"Why do I not go back? Because I am so tired of lying. In my former life, I was a journalist working for the state TV. It may seem like a privileged existence: having a well-paid job and recognition, but do you know how it feels to tell lies all the time - even though you know better? Or not to keep quiet about things, which in itself, is a lie as well?
Independent research was not possible in my job. Own ideas? Forget it! Everything you suggest independently is put into question until nothing is left. Working as a journalist is a real mockery in Iran.
Every three to six months I had to take another test in Iranian civics, as they called it. But they would ask random questions like: 'What did the Mullah say about a certain topic at Friday prayers'. How should I know, I wasn't even listening?! In these cases, you were completely at the interviewee's mercy - all the time! I was very dependent on the money I earned but at one point, I asked myself: 'Do I really want to tell lies for the rest of my life?'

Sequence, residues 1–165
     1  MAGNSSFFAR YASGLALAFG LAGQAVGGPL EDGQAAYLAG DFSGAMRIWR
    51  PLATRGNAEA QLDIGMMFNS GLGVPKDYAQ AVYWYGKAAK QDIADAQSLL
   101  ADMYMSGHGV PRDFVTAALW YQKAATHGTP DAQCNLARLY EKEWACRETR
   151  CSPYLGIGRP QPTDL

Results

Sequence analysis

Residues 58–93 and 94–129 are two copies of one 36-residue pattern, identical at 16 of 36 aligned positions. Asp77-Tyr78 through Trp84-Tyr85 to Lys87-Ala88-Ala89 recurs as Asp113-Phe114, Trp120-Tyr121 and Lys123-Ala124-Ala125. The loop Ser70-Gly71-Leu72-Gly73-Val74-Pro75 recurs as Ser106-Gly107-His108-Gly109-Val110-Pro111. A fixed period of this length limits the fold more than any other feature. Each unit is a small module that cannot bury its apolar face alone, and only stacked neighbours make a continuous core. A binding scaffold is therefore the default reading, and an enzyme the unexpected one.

I enrolled on a summer course in Italy to learn the language. This is when I decided that I had already waved goodbye to my country of birth. I went back once more and then I left for good. I couldn’t even say goodbye to my parents.
Today, I can say that I am one of the core activists of the Iranian opposition outside of the country. Before 12 June, I would have never thought this could be me. Until the elections I really thought that it would take just a little bit of freedom for people to finally get some room to breathe. Now I’m convinced it takes more. What we need is another revolution."